Concept: Interval finite element
- Proceedings of the National Academy of Sciences of the United States of America
- Published about 7 years ago
Both social isolation and loneliness are associated with increased mortality, but it is uncertain whether their effects are independent or whether loneliness represents the emotional pathway through which social isolation impairs health. We therefore assessed the extent to which the association between social isolation and mortality is mediated by loneliness. We assessed social isolation in terms of contact with family and friends and participation in civic organizations in 6,500 men and women aged 52 and older who took part in the English Longitudinal Study of Ageing in 2004-2005. A standard questionnaire measure of loneliness was administered also. We monitored all-cause mortality up to March 2012 (mean follow-up 7.25 y) and analyzed results using Cox proportional hazards regression. We found that mortality was higher among more socially isolated and more lonely participants. However, after adjusting statistically for demographic factors and baseline health, social isolation remained significantly associated with mortality (hazard ratio 1.26, 95% confidence interval, 1.08-1.48 for the top quintile of isolation), but loneliness did not (hazard ratio 0.92, 95% confidence interval, 0.78-1.09). The association of social isolation with mortality was unchanged when loneliness was included in the model. Both social isolation and loneliness were associated with increased mortality. However, the effect of loneliness was not independent of demographic characteristics or health problems and did not contribute to the risk associated with social isolation. Although both isolation and loneliness impair quality of life and well-being, efforts to reduce isolation are likely to be more relevant to mortality.
Moderate-intensity exercise has attracted considerable attention because of its safety and many health benefits. Tai Chi, a form of mind-body exercise that originated in ancient China, has been gaining popularity. Practicing Tai Chi may improve overall health and well-being; however, to our knowledge, no study has evaluated its relationship with mortality. We assessed the associations of regular exercise and specifically participation in Tai Chi, walking, and jogging with total and cause-specific mortality among 61,477 Chinese men in the Shanghai Men’s Health Study (2002-2009). Information on exercise habits was obtained at baseline using a validated physical activity questionnaire. Deaths were ascertained through biennial home visits and linkage with a vital statistics registry. During a mean follow-up of 5.48 years, 2,421 deaths were identified. After adjustment for potential confounders, men who exercised regularly had a hazard ratio for total mortality of 0.80 (95% confidence interval: 0.74, 0.87) compared with men who did not exercise. The corresponding hazard ratios were 0.80 (95% confidence interval: 0.72, 0.89) for practicing Tai Chi, 0.77 (95% confidence interval: 0.69, 0.86) for walking, and 0.73 (95% confidence interval: 0.59, 0.90) for jogging. Similar inverse associations were also found for cancer and cardiovascular mortality. The present study provides the first evidence that, like walking and jogging, practicing Tai Chi is associated with reduced mortality.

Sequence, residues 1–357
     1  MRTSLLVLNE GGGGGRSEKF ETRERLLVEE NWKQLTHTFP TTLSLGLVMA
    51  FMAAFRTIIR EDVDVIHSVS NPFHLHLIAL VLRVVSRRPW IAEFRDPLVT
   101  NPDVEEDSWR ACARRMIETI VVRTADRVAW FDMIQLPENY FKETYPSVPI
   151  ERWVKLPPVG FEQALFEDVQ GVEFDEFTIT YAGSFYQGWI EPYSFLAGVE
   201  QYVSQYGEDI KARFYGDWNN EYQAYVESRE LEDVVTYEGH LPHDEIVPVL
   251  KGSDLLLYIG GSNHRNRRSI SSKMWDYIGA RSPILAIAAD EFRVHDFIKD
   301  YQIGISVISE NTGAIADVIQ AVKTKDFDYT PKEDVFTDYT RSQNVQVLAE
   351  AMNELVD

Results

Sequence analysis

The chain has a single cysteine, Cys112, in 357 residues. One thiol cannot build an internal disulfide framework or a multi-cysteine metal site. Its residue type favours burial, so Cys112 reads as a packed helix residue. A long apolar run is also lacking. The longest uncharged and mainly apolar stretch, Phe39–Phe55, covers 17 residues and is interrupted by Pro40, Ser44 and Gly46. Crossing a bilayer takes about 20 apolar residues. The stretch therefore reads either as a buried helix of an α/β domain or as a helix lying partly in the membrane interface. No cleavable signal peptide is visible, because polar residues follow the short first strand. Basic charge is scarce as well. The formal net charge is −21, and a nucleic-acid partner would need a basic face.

Physical activity and obesity mediate the association between childhood motor function and adolescents' academic achievement
- Proceedings of the National Academy of Sciences of the United States of America
- Published over 7 years ago
The global epidemic of obesity and physical inactivity may have detrimental implications for young people’s cognitive function and academic achievement. This prospective study investigated whether childhood motor function predicts later academic achievement via physical activity, fitness, and obesity. The study sample included 8,061 children from the Northern Finland Birth Cohort 1986, which contains data about parent-reported motor function at age 8 y and self-reported physical activity, predicted cardiorespiratory fitness (cycle ergometer test), obesity (body weight and height), and academic achievement (grades) at age 16 y. Structural equation models with unstandardized (B) and standardized (β) coefficients were used to test whether, and to what extent, physical activity, cardiorespiratory fitness, and obesity at age 16 mediated the association between childhood motor function and adolescents' academic achievement. Physical activity was associated with a higher grade-point average, and obesity was associated with a lower grade-point average in adolescence. Furthermore, compromised motor function in childhood had a negative indirect effect on adolescents' academic achievement via physical inactivity (B = -0.023, 95% confidence interval = -0.031, -0.015) and obesity (B = -0.025, 95% confidence interval = -0.039, -0.011), but not via cardiorespiratory fitness. These results suggest that physical activity and obesity may mediate the association between childhood motor function and adolescents' academic achievement. Compromised motor function in childhood may represent an important factor driving the effects of obesity and physical inactivity on academic underachievement.